To establish whether or not a similar phenomenon occurs in human development, Goldfarb (1955) studied children who were brought up in orphanages with little or no human contact for the first 3 years of their lives, and compared them to children who were adopted at birth. Both groups had been separated from their natural parents, but the adopted children had the chance to form normal attachments to other people. He found that the adopted children performed better on tests of aptitude, and the orphans not only performed less well, but also became socially maladjusted. They either became "insatiable in their demands" for human love and attention, or showed no interest in other people.

This clearly shows that the lack of a primary bond is damaging to a child, but there is also the issue of what happens when a bond is formed, but is not as secure or strong as it should be. To study this, one must first define a Ôsecure attachment’.
Mary Ainsworth (Ainsworth and Bell, 1970) devised a test to determine the quality of a one year old infant’s attachment to its mother. This test, known as the "Strange Situation", involves observing an infant’s reactions when a stranger enters a room in which the infant has been playing in the company of its mother. The mother then leaves, leaving the child alone with a stranger, and after a short time the mother returns.

On the basis of this experiment, children can be classified as "securely attached" or "insecurely attached". The securely attached children showed some distress when the mother left, but were prepared to interact with the stranger. When the mother returned they greeted her enthusiastically, and she could comfort them if they were upset. Insecure children responded in various ways, either not reacting to the mother, or rejecting her when she returned, or being so distressed by her leaving that they refused contact with the stranger.
If the quality of attachment is as important to later relationships as has been claimed above, then one would expect children who rate as securely attached when a year old to socialise well when they reach school. Longitudinal studies (such as Waters, Wippman, and Sroufe, 1979) have confirmed this hypothesis, with findings that rate securely attached children higher on a wide variety of scales, including self-esteem, altruism, sociability and classroom behaviour.

In conclusion, it seems fair to say that children must develop a secure primary attachment in order to develop in a healthy manner. There is much evidence, however, that this attachment need not necessarily be to the child’s mother, as their father, another caregiver, or in exceptional circumstances a peer group can perform a similar function. Whoever the bond is formed with, however, a secure and strong attachment is clearly essential for healthy future relationships.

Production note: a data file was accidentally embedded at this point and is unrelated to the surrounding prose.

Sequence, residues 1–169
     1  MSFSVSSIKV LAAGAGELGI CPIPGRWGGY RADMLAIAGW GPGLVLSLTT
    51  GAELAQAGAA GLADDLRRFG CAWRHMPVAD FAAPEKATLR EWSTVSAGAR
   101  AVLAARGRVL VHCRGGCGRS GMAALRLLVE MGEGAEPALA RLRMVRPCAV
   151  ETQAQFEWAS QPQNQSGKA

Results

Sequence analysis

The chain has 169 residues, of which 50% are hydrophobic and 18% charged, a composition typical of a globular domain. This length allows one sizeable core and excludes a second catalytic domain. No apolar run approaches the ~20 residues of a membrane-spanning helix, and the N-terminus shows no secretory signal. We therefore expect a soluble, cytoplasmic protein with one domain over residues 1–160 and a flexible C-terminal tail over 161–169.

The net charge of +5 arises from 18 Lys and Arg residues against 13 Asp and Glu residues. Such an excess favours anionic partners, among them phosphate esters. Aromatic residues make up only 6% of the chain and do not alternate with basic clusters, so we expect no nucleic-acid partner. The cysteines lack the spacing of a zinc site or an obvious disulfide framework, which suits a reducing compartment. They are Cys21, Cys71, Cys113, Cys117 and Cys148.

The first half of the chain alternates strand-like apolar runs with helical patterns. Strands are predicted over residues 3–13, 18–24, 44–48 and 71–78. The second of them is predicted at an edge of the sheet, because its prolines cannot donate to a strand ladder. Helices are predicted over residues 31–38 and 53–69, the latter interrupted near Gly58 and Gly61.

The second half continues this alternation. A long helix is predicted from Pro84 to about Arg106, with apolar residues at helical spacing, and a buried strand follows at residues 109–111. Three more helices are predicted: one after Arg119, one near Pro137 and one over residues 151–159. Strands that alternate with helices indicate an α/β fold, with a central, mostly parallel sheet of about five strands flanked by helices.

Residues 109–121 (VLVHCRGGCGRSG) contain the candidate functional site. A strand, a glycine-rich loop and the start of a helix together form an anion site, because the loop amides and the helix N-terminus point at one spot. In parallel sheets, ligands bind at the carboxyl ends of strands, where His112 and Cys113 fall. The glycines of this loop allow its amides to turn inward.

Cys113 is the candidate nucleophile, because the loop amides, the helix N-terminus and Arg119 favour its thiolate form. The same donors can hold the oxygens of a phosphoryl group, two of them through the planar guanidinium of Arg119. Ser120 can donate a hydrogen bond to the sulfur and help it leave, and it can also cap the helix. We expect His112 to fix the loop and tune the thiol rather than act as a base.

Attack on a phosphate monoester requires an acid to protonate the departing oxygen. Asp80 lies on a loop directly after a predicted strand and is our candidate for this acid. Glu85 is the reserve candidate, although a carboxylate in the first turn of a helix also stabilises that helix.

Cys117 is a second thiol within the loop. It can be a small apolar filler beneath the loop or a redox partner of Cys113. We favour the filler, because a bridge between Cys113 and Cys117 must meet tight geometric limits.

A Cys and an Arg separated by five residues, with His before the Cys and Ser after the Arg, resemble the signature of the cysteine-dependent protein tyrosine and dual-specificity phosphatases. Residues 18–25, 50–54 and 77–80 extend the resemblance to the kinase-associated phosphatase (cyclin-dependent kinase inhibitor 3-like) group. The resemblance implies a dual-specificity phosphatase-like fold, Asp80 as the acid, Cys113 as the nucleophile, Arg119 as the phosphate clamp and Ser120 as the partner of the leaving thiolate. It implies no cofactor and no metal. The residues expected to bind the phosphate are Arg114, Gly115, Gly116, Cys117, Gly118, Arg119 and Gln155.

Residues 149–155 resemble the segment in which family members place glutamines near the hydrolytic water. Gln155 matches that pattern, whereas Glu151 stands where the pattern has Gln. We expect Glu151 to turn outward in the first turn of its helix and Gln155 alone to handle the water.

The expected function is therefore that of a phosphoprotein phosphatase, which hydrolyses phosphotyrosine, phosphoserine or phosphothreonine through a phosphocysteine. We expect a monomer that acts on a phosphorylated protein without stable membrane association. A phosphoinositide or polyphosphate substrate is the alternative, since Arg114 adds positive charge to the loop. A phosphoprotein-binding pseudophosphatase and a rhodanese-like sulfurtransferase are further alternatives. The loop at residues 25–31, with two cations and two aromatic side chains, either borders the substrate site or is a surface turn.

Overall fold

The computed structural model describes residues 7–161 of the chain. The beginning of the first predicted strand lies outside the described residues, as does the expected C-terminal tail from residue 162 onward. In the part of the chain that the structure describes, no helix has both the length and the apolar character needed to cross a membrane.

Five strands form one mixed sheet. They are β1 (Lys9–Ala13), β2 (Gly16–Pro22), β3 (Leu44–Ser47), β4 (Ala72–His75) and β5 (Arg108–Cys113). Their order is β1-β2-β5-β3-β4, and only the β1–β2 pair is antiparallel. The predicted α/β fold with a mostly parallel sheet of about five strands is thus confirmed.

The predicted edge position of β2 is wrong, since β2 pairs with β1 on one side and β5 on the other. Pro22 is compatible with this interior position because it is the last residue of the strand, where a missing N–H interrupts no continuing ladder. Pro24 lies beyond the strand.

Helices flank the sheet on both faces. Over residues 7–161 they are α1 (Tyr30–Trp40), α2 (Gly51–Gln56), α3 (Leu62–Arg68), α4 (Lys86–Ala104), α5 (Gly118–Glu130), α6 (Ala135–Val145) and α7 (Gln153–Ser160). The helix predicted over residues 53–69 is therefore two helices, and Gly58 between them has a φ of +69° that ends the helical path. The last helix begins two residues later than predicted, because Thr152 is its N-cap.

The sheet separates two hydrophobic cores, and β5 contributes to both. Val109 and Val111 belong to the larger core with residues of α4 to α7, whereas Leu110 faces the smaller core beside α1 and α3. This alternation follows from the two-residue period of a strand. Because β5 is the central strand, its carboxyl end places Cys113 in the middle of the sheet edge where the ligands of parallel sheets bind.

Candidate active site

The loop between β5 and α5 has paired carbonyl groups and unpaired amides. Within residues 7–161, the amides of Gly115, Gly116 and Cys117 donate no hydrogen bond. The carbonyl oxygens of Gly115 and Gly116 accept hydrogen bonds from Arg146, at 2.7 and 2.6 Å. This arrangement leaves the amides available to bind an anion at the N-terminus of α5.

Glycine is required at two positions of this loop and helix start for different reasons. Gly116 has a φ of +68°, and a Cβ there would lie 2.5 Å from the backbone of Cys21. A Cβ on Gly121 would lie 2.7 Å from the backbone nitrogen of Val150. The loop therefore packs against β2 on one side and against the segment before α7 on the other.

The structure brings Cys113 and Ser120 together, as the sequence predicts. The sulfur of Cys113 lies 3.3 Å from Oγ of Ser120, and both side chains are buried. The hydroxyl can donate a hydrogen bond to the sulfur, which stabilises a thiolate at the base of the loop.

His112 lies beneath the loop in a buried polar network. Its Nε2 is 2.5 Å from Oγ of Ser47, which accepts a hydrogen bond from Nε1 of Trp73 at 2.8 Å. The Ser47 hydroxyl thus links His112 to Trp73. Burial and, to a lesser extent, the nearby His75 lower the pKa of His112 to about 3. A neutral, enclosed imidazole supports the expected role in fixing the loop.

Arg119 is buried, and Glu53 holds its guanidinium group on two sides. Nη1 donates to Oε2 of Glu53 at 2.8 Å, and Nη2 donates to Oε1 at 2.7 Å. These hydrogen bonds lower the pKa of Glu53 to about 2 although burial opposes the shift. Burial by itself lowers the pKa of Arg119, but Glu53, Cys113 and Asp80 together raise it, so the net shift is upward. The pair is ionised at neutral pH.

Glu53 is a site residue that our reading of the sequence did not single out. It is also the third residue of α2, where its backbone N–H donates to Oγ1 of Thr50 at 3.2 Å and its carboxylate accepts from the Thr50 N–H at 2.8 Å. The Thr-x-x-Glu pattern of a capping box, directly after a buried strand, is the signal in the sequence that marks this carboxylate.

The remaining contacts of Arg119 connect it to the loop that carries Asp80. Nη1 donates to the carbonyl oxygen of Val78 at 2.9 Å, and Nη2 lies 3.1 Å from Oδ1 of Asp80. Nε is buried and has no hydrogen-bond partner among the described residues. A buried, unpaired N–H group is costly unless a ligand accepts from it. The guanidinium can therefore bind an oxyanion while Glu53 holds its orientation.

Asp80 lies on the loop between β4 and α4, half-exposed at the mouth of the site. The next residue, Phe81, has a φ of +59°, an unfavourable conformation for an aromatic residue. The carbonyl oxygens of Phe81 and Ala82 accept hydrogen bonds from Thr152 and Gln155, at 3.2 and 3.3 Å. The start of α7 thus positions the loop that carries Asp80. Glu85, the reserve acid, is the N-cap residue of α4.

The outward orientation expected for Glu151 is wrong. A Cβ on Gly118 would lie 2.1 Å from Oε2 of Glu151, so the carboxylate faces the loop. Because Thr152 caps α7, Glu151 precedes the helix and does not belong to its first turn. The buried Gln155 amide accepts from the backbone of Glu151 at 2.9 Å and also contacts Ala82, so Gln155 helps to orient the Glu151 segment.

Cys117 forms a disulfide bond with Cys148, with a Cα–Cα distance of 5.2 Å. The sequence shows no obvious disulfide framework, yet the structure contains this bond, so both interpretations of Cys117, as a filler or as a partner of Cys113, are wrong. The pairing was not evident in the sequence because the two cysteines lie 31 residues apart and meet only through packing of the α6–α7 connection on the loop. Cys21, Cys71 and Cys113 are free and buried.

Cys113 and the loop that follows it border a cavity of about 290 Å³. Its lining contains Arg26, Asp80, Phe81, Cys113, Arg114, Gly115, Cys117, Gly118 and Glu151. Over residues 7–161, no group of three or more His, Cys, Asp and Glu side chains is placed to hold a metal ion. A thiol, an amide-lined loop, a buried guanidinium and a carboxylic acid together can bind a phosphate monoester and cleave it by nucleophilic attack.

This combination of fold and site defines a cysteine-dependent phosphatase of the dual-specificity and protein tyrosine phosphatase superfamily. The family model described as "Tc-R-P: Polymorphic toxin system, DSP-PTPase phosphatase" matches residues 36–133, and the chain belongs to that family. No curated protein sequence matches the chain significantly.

Ainsworth, M. D. S.; & Bell, S. M. 1970. Attachment, exploration and separation : Illustrated by the behaviour of one-year-olds in a strange situation. Child Development. 41:49-67.
Bee, H. 1995. The Developing Child. Harper & Row.
Bowlby, J. 1969. Attachment and loss : vol. 1. Attachment. Basic Books.
Bowlby, J. 1973. Separation and loss. Basic Books.
Clarke-Stewart, A. 1989. Infant day care : Malignant or maligned. American Psychologist 44:266-273.
Freud, S. 1933. New Introductory Lectures on Psychoanalysis. English translation by J. Strachey, 1965.
Gleitman, H. 1995. Psychology. Norton.
Goldfarb, W. 1955. Emotional and intellectual consequences of psychological deprivation in infancy : A reevaluation. In Hock, P. H. & Zubin, J. (Eds.), Psychopathology of childhood. Grune and Stratton.
Gordon, I. J. 1962. Human Development from Birth through Adolescence. Harper & Row.
Harlow, H. F. 1958. The nature of love. American Psychologist 13:673-685.
Harlow, H. F. 1962. The heterosexual affection system in monkeys. American Psychologist 17:1-9.
Hess, E. H. 1959. Imprinting. Science 130:133-141.
Waters, E.; Wippman, J.; & Sroufe, L. A. 1979. Attachment, positive affect, and competence in the peer group : Two studies in construct validation. Child Development 50:821-829.